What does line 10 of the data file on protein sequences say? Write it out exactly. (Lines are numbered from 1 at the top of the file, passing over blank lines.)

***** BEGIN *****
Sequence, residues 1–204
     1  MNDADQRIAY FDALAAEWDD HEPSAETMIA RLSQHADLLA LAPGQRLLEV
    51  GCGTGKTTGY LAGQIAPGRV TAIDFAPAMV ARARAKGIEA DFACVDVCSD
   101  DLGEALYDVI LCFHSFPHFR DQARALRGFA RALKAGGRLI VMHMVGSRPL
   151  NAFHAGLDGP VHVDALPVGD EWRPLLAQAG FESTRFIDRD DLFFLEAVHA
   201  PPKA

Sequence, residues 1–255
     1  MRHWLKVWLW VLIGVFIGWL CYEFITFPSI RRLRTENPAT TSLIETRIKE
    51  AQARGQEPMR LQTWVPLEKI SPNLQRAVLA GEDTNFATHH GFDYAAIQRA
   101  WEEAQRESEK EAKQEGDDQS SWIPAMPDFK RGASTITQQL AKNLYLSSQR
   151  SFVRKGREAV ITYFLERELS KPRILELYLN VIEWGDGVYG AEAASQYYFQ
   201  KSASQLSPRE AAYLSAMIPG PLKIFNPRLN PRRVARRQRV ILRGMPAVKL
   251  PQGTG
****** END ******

   101  WEEAQRESEK EAKQEGDDQS SWIPAMPDFK RGASTITQQL AKNLYLSSQR